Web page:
The India-Sri Lanka Accord, which was signed with high hopes on July 29, 1987, is now under threat. Its main feature, a system of devolution of power to the provinces currently enshrined in the 13th Amendment (13A) of the Lankan constitution, is on the chopping block. A government-backed Sinhalese movement is seeking the abolition or the drastic pruning of 13A, thus threatening to nullify the Accord itself.
The movement against 13A and the Accord is based on the belief that they were an Indian imposition backed by armed might.
But, in fact, Lanka had contributed to the Accord substantially. Its basic features were the result of a series of talks held from August 1985 to December 1986 between the Sri Lankan and Indian governments in consultation with the moderate Tamil United Liberation Front (TULF).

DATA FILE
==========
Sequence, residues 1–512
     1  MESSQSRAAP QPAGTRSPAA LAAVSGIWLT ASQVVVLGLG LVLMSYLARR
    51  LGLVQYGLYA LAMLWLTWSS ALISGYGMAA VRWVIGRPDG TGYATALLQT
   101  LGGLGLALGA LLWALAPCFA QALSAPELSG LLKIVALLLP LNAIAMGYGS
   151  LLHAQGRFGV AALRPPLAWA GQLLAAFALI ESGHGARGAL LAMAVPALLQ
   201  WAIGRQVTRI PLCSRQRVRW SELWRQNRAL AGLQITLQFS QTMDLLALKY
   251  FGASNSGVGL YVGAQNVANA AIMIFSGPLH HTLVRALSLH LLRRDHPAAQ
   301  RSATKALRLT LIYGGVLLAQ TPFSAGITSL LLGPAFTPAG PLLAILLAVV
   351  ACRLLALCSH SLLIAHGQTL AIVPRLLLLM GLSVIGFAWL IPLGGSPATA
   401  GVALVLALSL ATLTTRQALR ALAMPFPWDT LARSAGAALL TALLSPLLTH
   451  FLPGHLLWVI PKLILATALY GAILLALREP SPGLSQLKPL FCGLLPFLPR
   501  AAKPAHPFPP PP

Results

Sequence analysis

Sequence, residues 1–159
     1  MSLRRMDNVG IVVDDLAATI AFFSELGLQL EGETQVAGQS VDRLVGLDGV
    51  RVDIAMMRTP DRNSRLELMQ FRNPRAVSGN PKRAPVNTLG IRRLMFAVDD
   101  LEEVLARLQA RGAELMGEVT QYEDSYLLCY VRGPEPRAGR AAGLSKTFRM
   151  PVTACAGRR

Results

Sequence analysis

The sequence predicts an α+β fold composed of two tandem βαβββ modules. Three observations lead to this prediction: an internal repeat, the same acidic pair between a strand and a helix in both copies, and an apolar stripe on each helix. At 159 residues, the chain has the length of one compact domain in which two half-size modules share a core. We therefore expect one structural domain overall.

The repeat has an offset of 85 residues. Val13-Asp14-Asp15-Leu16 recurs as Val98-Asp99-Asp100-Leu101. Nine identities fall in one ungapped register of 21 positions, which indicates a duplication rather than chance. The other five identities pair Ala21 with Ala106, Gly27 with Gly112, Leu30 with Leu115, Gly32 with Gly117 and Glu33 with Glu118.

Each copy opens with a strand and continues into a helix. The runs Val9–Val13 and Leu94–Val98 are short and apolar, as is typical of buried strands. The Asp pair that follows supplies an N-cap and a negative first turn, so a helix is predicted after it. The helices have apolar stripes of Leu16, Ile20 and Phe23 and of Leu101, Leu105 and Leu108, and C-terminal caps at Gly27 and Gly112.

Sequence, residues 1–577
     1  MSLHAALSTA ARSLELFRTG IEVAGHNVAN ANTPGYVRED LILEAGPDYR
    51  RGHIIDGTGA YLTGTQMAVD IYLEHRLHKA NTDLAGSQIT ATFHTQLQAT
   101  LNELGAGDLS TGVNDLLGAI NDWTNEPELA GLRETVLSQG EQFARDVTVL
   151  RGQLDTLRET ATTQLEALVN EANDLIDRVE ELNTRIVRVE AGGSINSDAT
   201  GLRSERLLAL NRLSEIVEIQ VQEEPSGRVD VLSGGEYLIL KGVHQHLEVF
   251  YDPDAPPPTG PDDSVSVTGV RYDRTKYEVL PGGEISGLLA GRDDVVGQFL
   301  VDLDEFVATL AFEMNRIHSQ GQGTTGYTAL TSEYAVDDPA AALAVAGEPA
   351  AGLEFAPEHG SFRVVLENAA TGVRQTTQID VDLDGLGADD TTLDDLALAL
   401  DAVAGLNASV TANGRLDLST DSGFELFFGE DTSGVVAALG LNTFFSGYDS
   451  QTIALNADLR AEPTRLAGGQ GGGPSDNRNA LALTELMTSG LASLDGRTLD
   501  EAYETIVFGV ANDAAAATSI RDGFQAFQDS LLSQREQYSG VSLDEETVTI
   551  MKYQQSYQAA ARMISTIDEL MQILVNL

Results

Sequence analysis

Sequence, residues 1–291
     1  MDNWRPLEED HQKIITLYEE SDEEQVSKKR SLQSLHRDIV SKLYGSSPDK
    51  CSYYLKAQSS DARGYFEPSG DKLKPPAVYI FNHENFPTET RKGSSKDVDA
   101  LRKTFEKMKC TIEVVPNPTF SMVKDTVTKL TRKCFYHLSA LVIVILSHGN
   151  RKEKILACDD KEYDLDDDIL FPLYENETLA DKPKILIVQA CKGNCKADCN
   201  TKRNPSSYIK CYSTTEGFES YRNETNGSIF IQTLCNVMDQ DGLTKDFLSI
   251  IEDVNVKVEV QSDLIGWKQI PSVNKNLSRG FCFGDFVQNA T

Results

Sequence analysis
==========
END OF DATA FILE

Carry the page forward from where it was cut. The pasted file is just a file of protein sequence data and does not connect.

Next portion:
Way back in 1940, the State Council (as the legislature was known in British-ruled Ceylon) had accepted the Donoughmore Commission’s recommendation to set up elected Provincial Councils (PCs) to solve the ethnic question. But acceptance did not lead to implementation.
However, in 1955, after Ceylon became independent, the Choksy Commission recommended Regional Councils. In 1957, the Bandaranaike-Chelvanayakam Pact envisaged elected Regional Councils.
But Bandaranaike reneged on the agreement because it ran into a Sinhalese political storm.